Thursday, 07 April 2016 07:02

Complacency is only current formidable foe for Wall, Sask. Party

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In Brad Wall’s acceptance speech in his home of Swift Current, and not in the provincial capital of Regina where the provincial media is based, the southwest Sask. MLA and now soon to be third-term premier expressed his love and gratitude to his family, his parents, and showed special admiration to his mom Alice.

During the campaign, he showed up to a political rally driving himself in a truck wearing cowboy boots. He will do selfies, although thankfully not to the ridiculous level of Prime Minister Justin Trudeau, and is active on social media. Unabashedly cheers for the Saskatchewan Roughriders. Politically he scores voters’ points with his very public criticism of those political leaders who are not doing what he feels they can be to protect the petroleum industry.
All of this makes him ridiculously popular in his hometown of Swift Current and obviously the first choice of the voters who gave him a 51 out of 61-seat mandate.
He is the envy of provincial premiers across the country who watch as the Saskatchewan premier is the most popular premier in Canada year after year.
Considering the state of the global economy and especially compared to the province to the west of it, Saskatchewan is doing relatively well. Personally for him, what’s there left to accomplish? There it is, that’s the question and the challenge.
Wall acknowledged the fact the Sask. Party will not take a day for granted and they still have to earn every minute of their election landslide win. Complacency has to set in — doesn’t it?
The Saskatchewan Party steamroller squashed everyone in its path except for the usual suspects in staunch NDP territory: the north and select urban ridings. NDP leader Cam Broten lost his seat also and the opposition party is in a state of turmoil.
A one-sided mandate with little resistance: a recipe for disaster and downfall of many governments (hello, Alberta Progressive Conservatives). While it’s unfair to compare the level of success Peter Lougheed, Ralph Klein et al enjoyed for more than four decades, it is fair to say by the time Jim Prentice rolled around, there was a high level of self entitlement which Wall has to ensure his Sask. Party doesn’t fall victim to.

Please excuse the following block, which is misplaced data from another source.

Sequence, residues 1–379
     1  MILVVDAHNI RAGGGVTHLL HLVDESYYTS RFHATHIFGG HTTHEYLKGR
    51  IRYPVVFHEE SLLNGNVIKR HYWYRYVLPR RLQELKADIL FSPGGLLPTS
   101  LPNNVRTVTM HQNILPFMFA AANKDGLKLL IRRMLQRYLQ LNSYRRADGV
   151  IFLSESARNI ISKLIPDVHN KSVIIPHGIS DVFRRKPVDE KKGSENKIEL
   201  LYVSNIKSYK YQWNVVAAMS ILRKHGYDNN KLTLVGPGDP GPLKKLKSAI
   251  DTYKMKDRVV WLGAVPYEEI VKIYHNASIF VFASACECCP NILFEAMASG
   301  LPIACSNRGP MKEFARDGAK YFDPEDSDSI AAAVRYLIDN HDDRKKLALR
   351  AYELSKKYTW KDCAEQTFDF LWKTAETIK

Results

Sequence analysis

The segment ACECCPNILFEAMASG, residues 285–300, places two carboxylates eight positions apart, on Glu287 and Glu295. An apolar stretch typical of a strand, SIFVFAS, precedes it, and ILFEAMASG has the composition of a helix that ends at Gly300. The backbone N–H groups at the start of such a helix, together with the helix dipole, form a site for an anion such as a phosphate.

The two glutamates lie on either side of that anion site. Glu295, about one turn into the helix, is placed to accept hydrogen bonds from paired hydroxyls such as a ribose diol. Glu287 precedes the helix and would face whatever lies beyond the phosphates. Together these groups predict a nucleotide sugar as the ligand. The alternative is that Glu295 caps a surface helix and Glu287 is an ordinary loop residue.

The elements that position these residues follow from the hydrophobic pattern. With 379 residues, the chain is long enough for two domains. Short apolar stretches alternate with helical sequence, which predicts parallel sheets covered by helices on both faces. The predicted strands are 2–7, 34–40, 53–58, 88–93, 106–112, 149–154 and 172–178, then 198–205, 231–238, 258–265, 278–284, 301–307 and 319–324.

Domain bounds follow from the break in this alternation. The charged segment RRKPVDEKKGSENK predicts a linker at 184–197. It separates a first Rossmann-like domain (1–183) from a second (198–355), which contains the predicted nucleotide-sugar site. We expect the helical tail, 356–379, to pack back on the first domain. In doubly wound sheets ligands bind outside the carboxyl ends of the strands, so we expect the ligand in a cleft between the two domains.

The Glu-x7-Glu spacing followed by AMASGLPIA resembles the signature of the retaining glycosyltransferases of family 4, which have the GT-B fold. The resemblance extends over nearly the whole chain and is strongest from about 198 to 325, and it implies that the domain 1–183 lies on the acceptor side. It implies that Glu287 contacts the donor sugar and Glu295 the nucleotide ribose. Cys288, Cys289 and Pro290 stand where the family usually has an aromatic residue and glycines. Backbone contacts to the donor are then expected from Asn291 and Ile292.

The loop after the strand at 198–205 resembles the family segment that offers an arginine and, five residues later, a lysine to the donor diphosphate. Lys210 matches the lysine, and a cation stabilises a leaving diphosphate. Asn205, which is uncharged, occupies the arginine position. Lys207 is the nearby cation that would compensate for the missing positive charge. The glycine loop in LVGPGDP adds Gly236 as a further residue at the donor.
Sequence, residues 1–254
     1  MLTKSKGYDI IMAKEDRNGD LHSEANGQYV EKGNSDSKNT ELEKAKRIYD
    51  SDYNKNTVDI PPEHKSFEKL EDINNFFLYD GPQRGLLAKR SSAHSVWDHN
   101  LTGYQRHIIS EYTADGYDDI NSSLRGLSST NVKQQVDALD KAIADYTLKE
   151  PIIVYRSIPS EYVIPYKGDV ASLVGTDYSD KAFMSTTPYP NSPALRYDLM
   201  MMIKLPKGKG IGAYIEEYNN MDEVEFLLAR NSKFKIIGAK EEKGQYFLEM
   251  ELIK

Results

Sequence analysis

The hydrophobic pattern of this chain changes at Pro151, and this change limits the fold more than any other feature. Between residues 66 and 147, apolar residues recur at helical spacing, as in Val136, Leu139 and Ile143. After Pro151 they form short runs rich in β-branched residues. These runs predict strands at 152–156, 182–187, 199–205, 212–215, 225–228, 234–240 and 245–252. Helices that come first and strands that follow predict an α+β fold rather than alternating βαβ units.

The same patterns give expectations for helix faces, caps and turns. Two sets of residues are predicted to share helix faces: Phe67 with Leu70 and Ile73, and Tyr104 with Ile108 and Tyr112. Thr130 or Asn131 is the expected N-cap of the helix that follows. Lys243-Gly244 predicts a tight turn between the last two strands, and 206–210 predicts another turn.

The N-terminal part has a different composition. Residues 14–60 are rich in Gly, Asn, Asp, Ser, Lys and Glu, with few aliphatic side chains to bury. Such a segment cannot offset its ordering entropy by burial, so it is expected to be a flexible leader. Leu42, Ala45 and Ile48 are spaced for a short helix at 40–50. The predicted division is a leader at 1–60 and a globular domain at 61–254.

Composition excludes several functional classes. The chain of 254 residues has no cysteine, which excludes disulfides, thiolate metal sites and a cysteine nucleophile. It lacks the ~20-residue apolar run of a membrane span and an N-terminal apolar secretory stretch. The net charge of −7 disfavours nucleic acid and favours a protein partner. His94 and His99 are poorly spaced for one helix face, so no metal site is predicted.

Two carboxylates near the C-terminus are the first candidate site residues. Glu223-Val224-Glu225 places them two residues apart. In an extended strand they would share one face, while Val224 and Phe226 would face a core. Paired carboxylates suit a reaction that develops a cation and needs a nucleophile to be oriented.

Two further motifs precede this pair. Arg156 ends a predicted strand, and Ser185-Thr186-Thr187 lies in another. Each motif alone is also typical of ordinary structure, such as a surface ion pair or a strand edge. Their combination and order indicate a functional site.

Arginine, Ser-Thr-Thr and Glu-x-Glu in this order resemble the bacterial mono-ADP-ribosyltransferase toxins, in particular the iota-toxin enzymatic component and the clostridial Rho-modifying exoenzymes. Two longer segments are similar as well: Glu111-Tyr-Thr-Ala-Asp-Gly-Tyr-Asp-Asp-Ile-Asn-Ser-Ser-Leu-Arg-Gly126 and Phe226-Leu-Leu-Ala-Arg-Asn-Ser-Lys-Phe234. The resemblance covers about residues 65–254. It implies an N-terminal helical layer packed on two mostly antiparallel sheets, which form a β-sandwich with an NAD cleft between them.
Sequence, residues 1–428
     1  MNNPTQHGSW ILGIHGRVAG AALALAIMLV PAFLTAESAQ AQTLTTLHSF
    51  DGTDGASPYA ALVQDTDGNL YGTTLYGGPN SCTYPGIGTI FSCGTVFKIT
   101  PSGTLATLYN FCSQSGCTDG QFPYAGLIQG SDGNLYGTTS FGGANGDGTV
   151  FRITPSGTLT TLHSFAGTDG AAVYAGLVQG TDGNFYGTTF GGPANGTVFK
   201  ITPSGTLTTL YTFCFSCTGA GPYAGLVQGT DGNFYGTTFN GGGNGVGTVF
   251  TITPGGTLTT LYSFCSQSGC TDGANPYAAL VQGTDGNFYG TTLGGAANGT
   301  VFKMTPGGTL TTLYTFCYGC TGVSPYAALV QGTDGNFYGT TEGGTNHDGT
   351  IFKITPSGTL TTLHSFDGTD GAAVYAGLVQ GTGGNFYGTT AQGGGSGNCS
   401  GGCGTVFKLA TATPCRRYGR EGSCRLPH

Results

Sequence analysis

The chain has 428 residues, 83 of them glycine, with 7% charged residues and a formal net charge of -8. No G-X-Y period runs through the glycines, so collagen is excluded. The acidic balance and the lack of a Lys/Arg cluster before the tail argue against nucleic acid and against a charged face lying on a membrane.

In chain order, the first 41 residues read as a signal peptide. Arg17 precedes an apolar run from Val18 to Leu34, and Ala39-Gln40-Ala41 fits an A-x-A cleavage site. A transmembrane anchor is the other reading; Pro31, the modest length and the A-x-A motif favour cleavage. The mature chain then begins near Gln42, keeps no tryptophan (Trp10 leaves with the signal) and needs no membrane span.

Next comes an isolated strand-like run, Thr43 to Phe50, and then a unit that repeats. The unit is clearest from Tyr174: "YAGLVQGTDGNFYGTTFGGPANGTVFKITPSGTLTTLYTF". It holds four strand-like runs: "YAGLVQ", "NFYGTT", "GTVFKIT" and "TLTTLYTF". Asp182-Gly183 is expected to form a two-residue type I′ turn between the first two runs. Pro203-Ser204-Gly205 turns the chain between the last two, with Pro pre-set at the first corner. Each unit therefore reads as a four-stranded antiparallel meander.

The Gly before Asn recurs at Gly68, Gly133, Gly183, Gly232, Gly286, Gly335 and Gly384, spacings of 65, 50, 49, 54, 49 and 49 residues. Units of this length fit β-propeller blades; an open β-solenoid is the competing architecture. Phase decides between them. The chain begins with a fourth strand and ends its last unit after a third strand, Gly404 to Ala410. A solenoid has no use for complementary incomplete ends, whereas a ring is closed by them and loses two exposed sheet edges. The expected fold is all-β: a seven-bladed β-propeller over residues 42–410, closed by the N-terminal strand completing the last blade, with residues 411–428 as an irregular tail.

Maintaining humility would be hard when the national media including MacLeans write stories on him  and he is featured in national news reports. In fact, veteran CTV host and commentator Tom Clark called Wall the most influential right-wing political figure in Canada, and that Wall should now be considered “a historic figure in Saskatchewan.” He is still mentioned as a frontrunner for the federal Progressive Conservative leadership even though he has declined before.
With all of this, will Wall become a victim of his own success? If he can still be humble and remember his roots that would be an accomplishment in itself and it would speak volumes of his character.
It would be incredibly naive and unrealistically optimistic to think Wall doesn’t have detractors. There is criticism about fiscal mismanagement; that there was no budget released prior to the election; issues with the Regina-area overpass; and there is perhaps jealousy within his premier brethren, mostly due to petroleum issues.
Wall was critical of Quebec who blocked the building of a pipeline to eastern Canada and of Alberta Premier Rachel Notley’s perceived unwillingness to do more for the oil sector.
The observation has been made the only reason the Saskatchewan Party stays popular is because of Wall’s folksy charm. No debate about it being a key to Saskatchewan Party’s popularity, but for critics to label that as a flaw have forgotten how popular Klein, Peter Lougheed or even Allan Blakeney in his early years were and what it meant to their parties.
Undoubtedly the Sask. Party will rue the day if voters ever “fell out of like” with Wall.
If the government shows they are fighting to better the province, not taking anything for granted, or forget who got them there, they could be there for a long time.
Ryan Dahlman is managing editor with the Prairie Post. Contact him with your comments about this opinion piece at This email address is being protected from spambots. You need JavaScript enabled to view it. .

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Ryan Dahlman

Managing Editor